It was like my personal heaven walking in JB Prince, the service and bakeware store on 31st Street between Madison and Park Avenues. It’s been on my list to stop by but I have been unable to until this week because they’re only open on weekdays from 9 to 5. Their Web site sucks so I didn’t expect much from the store, but it was immaculate when I walked in. I touched everything I could touch, especially the Fat Duck and the El Bulli books. The sous vide machines were all lined up in a row and baking sheets and pans of all sizes hanged by clips. Just seeing the individual serving pieces made of plastic and bamboo made me want to throw a huge amuse-bouche party.
It’s amazing what I get to do while unemployed. There are so many errands, I don’t know how they got done when I had a job. The past week alone, I ran all over the city finishing all sorts of businesses while also going to job interviews, seeing people I haven’t seen in a while and watching movies in the middle of the afternoon. If I didn’t have financial responsibilities, I swear I’d be enjoying this time more so than I did eight years ago when the Web first broke my heart. Heck, I’d be in Singapore with my brother and his wife, blowing through my savings and traveling all over Asia. Fuck, I hate being an adult!
But back to reality: I wanted to check another thing off my Things-To-Do list which is to start experimenting with baked goods. (You understand that I didn’t say “baking”, right? Because I’m a little bit of a pussy and I’m afraid of commitments.) I received a nice, hefty birthday gift certificate from a few friends and, though I already know it will go towards the Kitchen Aid Pro with sausage, pasta and ice cream maker attachments, I’m saving it until I’m ready to use it like a pro.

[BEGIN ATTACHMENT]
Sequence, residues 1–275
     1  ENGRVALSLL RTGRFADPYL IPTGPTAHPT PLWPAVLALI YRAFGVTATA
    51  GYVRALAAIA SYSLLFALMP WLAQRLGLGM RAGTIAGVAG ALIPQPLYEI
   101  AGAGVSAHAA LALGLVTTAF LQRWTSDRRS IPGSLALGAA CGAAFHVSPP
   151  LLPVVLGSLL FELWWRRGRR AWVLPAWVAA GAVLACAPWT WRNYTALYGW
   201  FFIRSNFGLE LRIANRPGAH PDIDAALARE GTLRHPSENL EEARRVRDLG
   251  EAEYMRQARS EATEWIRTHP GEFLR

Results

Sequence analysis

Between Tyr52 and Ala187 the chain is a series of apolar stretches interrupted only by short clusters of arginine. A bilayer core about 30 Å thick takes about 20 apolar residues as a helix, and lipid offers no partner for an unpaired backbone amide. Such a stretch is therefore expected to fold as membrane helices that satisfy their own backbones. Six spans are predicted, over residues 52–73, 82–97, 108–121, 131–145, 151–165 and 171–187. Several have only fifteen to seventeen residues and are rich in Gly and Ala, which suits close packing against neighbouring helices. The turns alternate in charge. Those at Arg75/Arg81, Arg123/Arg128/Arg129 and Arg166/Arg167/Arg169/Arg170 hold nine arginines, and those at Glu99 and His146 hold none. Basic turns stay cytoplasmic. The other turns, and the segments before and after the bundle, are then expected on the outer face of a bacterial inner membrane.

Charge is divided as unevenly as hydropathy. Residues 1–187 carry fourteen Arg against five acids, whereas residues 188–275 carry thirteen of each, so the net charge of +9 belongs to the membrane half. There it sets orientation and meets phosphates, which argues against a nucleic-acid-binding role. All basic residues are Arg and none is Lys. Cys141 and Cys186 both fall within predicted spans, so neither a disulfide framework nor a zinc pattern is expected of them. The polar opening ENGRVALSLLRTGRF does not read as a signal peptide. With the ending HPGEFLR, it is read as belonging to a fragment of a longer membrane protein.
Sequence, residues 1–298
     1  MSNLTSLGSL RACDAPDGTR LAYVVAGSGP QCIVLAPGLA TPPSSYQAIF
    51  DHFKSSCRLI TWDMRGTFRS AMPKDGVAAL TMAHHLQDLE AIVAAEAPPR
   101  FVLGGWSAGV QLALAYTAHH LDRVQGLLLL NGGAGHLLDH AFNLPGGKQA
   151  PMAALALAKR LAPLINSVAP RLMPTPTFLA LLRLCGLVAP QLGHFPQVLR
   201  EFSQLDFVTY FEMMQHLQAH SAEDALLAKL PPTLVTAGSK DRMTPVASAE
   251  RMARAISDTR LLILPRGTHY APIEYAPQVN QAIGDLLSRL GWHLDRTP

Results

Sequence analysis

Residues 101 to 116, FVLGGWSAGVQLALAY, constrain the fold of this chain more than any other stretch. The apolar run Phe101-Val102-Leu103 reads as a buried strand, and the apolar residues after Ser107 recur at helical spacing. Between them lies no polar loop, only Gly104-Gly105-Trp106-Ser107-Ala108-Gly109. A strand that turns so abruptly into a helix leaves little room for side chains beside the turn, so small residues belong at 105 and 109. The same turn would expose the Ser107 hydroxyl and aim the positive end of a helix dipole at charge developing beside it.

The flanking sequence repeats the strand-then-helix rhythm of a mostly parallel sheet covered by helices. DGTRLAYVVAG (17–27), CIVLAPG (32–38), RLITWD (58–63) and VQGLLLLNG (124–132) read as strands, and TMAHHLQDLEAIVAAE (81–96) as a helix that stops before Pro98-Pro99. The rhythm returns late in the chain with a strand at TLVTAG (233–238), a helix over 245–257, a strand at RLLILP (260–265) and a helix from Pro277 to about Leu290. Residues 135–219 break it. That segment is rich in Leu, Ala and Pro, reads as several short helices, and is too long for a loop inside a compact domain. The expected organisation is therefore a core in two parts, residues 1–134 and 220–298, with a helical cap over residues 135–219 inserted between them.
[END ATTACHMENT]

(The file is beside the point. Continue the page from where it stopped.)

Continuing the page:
Financiers came to mind after scouring through my many cookbooks and realizing that it’s one of those basic French recipes that don’t require the use of an equipment. But because I’m also precise, I splurged on a $15 financier silicone mold–which explains the trip to JB Prince. I tried different flavors for my first batch of batter. I divided it into three small bowls and in one, I mixed in a tsp of ground coffee. In another, I added orange zest; I added finely chopped dried cranberries to the last batch. (Add your own flavor in Step 3 below.) After baking my first-ever financiers, I let them cool completely so as not to bother them in their molds until they were set. When I revisited them, they were basically popping themselves out of the molds and I didn’t have to turn them over. I have to say that my favorite were the ones with orange zest. This recipe makes twenty two-inch financiers in one mold tray.
a handful of raw almonds
1/4 cup white sugar
1/4 cup of flour, sifted
2 egg whites
1/3 cup of butter
zest from a small orange
another small knob of butter to coat the molds, melted in the microwave for a few seconds
1. Preheat oven at 360º. Meanwhile, make your almond meal. In a food processor, process almonds until powdery. It’s okay that’s it’s grainy.
2. Make your beurre noisette. In a saucepan, melt the butter over low fire. Bring to a simmer and cook for 2 minutes, or until light brown and nutty-smelling. Set aside.
3. In a medium glass bowl, combine sugar and almond meal. Fold in the egg whites and mix well with a fork. Add the melted butter and continue to mix together. Stir in the flour and the orange zest and make sure everything is well-combined.
4. Butter your financier molds using a pastry brush. Pour the batter in each mold, filling it up just to the brim. Place batter-filled mold on a baking sheet. Bake for 18 minutes. Your financiers will puff up a bit and will get slightly crusty and golden on the edges, but soft on top. Remove from the oven and cool completely before turning them over on parchment paper.
Feel free to feel bad for jobless me and buy me the Big Fat Duck book
Or the Kitchen Aid Mixer Pro
JB Prince is on the 11th floor of 36 East 31st Street, between Madison and Park Avenues